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Hypokalemia: Symptoms and Causes of Low Potassium

By Rachel Despres

Medically Reviewed by Dr. Gerald Morris

Hypokalemia is a condition where potassium levels in the blood are lower than they should be. As potassium is often overlooked as an essential nutrient, this may not seem like an issue to be particularly concerned about. It should be, however, as potassium plays a role in many vital body functions.

According to WebMD, these include helping “muscles to move, cells to get the nutrients they need, and nerves to send their signals.” Additionally, the source says that potassium is of particular importance for the cells in your heart, as well as “keeping your blood pressure from getting too high.” Due to potassium’s importance, it’s helpful to understand what symptoms to expect if you’re low on the nutrient and also what might be causing this deficiency to happen. Read on the learn about the symptoms and causes of hypokalemia…


Muscle Weakness and Cramps

As mentioned in the introduction, potassium is necessary for the proper functioning of the body’s muscles. So, if you’re low on the nutrient, it stands to reason that you will likely experience some problems. Muscle weakness may be among the first signs, which the San Francisco Chronicle says can “cause a person difficulty when walking or holding objects.”

In addition, the muscles may twitch or cramp. These spasms, particularly when they occur in the leg, are often referred to as “charley horses”. If potassium levels continue to drop, the source warns that muscle paralysis can occur, and “if the paralysis involves the diaphragm, the muscle responsible for breathing, respiratory failure will occur.”


“Every cell in your body needs the right amount of potassium to function,” says Women’s Health magazine, therefore “a sustained dip can result in generalized fatigue.”

But, there are a wide variety of factors that can cause feelings of fatigue, which can make it hard to identify the symptom as being due to low potassium levels. As an example, however, the source says that “if your regular sweat session leaves you exhausted and you know you’re getting enough sleep, potassium might be the cause.”


The walls of the stomach and intestines “contain muscle cells…that propel food through the digestive system,” explains When the potassium levels in your blood are low, these cells become sluggish, leading to a variety of digestion issues.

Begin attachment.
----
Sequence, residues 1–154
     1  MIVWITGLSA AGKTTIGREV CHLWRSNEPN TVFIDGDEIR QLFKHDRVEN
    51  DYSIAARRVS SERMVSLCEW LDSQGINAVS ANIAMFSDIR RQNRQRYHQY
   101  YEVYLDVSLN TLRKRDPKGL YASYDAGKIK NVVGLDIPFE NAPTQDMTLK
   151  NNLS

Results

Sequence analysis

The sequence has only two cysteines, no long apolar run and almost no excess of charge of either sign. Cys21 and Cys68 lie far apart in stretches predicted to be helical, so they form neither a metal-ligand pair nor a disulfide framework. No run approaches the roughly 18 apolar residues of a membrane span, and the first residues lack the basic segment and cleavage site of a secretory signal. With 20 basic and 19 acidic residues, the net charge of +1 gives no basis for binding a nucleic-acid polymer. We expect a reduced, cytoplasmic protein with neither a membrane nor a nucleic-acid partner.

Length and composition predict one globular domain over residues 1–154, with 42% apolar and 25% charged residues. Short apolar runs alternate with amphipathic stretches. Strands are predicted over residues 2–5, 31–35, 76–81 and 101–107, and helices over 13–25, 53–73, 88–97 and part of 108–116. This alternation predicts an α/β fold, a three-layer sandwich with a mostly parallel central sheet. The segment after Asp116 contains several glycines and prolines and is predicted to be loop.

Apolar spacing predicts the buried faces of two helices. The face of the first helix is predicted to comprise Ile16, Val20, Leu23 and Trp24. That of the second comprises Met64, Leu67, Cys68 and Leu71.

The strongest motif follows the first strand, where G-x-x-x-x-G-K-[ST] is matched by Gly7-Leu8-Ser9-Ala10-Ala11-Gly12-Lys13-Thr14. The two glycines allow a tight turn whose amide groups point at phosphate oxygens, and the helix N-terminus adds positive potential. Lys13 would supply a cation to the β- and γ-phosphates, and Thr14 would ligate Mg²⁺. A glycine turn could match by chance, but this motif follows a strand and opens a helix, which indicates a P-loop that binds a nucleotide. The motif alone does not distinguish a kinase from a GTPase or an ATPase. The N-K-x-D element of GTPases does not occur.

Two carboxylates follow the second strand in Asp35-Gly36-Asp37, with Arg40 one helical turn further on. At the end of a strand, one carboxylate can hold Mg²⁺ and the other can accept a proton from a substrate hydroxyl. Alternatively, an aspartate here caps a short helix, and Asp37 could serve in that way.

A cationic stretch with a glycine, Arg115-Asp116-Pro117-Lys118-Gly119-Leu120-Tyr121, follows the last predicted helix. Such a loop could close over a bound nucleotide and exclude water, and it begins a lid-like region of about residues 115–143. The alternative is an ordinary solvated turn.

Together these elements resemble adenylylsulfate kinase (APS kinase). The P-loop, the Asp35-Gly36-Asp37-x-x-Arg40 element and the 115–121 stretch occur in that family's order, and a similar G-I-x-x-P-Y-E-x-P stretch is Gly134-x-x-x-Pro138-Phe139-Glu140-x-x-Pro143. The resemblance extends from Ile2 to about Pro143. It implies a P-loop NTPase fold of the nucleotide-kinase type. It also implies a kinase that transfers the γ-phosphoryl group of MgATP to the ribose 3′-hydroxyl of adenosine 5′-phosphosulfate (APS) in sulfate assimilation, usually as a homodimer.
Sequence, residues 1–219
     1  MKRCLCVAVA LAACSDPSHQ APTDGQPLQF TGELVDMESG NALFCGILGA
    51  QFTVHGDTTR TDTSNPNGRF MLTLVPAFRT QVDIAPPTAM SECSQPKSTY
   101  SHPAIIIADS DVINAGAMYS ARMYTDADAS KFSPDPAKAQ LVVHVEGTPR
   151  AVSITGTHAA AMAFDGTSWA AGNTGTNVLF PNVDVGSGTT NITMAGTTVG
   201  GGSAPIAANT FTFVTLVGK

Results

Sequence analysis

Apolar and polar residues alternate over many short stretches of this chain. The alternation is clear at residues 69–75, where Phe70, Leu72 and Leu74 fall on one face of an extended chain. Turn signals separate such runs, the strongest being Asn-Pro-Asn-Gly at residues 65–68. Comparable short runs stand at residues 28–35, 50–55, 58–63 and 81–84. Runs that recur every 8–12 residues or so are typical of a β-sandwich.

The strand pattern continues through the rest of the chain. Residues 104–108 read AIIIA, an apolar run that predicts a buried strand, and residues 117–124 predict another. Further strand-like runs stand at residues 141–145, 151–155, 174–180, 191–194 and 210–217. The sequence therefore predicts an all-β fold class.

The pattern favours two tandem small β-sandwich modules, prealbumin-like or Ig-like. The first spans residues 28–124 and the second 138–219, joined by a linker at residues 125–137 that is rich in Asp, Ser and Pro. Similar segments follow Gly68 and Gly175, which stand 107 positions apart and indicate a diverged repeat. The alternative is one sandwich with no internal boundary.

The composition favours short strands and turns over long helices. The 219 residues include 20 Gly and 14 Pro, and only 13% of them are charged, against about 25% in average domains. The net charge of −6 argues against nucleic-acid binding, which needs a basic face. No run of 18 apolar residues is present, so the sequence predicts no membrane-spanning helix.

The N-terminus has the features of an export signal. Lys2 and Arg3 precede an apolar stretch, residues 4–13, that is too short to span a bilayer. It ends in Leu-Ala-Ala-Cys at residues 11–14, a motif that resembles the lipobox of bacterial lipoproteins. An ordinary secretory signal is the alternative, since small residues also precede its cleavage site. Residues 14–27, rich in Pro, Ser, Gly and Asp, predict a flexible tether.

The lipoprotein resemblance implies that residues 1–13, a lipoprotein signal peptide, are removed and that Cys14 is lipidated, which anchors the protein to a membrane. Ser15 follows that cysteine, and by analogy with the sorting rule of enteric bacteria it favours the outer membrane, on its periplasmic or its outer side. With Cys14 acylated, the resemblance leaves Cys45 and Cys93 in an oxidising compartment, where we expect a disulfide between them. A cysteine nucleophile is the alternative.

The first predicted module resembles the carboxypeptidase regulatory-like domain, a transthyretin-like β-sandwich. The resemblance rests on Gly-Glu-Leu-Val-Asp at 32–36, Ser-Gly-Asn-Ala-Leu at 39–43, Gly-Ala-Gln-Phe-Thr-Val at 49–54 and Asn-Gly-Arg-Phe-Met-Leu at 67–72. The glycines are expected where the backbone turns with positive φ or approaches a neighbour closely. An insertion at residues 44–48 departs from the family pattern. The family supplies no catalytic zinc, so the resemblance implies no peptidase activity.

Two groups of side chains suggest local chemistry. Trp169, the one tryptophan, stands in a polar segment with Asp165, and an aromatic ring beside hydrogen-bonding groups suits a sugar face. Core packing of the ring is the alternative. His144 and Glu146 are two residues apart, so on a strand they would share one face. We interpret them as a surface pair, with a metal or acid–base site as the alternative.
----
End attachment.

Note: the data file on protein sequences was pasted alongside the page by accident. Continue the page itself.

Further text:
The source says that constipation is the most common complaint; however, if potassium levels drop to severely low levels, “the propelling movements of the intestines may stop entirely, causing nausea, vomiting, lack of appetite, bloating and abdominal pain.”

Abnormal Heart Rhythms

According to, “The heart is able to work tirelessly thanks to a balance of important chemicals (such as potassium and sodium) between the heart cells and the bloodstream.” When hypokalemia occurs, however, the source indicates it can affect this balance and “disrupt the regular rhythm of the heart.”

These abnormal heart rhythms are known as arrhythmias and may cause you to feel like your heart is “pounding, fluttering, or about to skip out of your chest,” says Prevention. Such symptoms are considered severe, so if you experience them be sure to seek immediate medical attention.

High Blood Pressure

Low potassium levels can also cause a person’s blood pressure to increase. In speaking with Women’s Health magazine, Janet Brill, Ph.D., R.D., a Philadelphia-based nutritionist, says, “Potassium helps relax blood vessels…Without enough of it, they can become constricted, which causes blood pressure to soar.”

The San Francisco Chronicle adds that, as potassium levels decline, “…the body becomes more susceptible to the effects of sodium in the diet, which can increase blood pressure.” In some cases, this may cause fainting or feelings of faintness, especially when rising from a seated to a standing position.

Frequent Urination

In some cases, if hypokalemia persists for a lengthy period of time, kidney problems may develop. One such problem is that “people with a potassium deficiency usually urinate frequently and produce more urine than normal,” says